Do some accidents happen because parents lack common sense?
Image: via Shutterstock
The overwhelming response to the news that Bumbo International, the SA makers of the popular Bumbo chair, are recalling 4.6 million of the seats for safety reasons (in the US) has been to point the finger of blame at the parents of children injured in accidents rather than design flaws in the seat.
The Bumbo is designed to be placed on the floor, not an elevated surface, and warning labels on the product reinforce this message. Apparently parents ignored this, resulting in babies toppling out and being injured, including skull fractures. People are suggesting that these injuries should be blamed on the parents for using the product incorrectly and also that parents shouldn’t have left their babies unattended in the chairs.
Most of us get it right
It's common sense, right? If your kid is sitting in the chair, you put it on the floor. If the floor is a hard surface, you’d put the seat on some kind of mat or blanket in case of a mishap.
Here are some of the comments relating to “Bumbo recalls millions of dangerous seats”:
- Yolanda: “See, even from birth Americans are stupider than South Africans! ... Americans, please stop blaming your bad parenting on the products you use!!”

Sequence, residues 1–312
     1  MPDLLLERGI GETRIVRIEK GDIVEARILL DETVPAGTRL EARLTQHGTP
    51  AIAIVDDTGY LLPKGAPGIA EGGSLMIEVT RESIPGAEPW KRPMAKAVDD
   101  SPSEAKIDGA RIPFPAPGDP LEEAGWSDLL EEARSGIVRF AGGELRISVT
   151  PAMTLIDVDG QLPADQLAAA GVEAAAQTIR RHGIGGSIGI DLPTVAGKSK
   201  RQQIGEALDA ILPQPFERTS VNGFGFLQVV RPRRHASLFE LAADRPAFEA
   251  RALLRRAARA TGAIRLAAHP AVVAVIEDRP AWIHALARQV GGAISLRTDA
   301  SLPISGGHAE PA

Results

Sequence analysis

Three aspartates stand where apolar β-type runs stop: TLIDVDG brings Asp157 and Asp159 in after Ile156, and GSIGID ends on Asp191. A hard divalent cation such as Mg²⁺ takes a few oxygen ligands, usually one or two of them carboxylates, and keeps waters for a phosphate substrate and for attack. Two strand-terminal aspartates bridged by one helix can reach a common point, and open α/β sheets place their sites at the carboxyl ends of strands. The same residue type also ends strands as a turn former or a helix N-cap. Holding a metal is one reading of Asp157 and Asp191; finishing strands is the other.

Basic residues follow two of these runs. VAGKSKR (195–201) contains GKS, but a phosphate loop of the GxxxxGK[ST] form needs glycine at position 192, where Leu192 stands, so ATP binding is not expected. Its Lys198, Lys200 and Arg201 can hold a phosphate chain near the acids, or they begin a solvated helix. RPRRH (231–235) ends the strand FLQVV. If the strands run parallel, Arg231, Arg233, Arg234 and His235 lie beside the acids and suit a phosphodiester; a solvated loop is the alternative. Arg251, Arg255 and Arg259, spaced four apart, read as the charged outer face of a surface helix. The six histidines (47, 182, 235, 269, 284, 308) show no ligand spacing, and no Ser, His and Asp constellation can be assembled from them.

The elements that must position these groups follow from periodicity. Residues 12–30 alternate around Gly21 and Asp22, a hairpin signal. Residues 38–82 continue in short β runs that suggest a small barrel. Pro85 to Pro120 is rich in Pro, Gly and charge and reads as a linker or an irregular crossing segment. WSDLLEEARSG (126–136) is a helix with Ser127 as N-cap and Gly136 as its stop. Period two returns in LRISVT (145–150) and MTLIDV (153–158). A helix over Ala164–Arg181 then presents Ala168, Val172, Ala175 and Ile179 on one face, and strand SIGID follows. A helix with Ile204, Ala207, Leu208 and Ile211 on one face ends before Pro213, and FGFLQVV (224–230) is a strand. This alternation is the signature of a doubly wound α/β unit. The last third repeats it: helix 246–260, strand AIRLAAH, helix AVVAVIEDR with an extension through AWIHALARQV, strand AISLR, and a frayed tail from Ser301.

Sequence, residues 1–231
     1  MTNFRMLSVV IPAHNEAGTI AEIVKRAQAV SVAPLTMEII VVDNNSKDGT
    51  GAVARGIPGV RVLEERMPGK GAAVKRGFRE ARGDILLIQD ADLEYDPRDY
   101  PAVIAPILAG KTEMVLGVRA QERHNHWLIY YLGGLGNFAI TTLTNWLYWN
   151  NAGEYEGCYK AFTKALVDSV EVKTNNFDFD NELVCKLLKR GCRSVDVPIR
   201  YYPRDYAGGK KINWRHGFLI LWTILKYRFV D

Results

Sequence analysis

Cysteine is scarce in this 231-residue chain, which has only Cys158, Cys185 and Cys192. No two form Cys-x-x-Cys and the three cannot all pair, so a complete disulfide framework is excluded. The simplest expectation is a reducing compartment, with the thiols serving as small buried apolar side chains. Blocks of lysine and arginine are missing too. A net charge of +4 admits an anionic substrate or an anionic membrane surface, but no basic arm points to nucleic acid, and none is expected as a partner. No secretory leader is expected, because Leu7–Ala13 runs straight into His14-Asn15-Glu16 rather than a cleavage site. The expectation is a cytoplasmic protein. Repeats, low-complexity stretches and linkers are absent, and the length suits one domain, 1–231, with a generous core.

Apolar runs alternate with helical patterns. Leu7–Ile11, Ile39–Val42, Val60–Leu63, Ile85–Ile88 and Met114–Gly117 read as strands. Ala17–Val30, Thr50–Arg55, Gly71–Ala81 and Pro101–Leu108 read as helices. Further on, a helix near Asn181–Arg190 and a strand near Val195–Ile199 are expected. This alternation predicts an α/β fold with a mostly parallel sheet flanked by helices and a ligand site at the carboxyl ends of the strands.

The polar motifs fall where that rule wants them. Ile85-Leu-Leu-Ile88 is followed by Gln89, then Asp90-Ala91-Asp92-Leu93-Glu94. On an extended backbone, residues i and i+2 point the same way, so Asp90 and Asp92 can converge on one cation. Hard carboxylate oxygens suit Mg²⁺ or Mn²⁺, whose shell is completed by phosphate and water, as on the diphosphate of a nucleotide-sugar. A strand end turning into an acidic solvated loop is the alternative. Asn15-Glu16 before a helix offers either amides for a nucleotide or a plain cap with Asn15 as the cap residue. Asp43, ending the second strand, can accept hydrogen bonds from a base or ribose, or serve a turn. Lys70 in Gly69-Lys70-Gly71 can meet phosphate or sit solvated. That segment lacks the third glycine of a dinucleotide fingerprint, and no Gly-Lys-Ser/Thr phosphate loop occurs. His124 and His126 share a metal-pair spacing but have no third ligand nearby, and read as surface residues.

- Bibi: “What happened to watching your children? Don't blame the product blame the parents.”
- Elma: “Who leaves a baby unattended in any chair? I love my Bumbo seat and will keep using it for my second child”
- Leanne: “I have used my bumbo seat with all 3 my boys (my oldest is almost 10). Never had any accidents but then again I was with them the whole time it was used, and it was only placed on the floor.”
- Lisa: “Anything can be dangerous for a little one if not used properly and if the child is not supervised. I used my Bumbo with my little girl - no problems! Parenting involves a lot of common sense. Some don't have it...”
It would appear, then, that parenting involves lots of precautionary measures paired with plenty of common sense- after all, most accidents can be redicted,and are therefore preventable.
Do you read (and follow) warning labels on products?
By: Scott Dunlop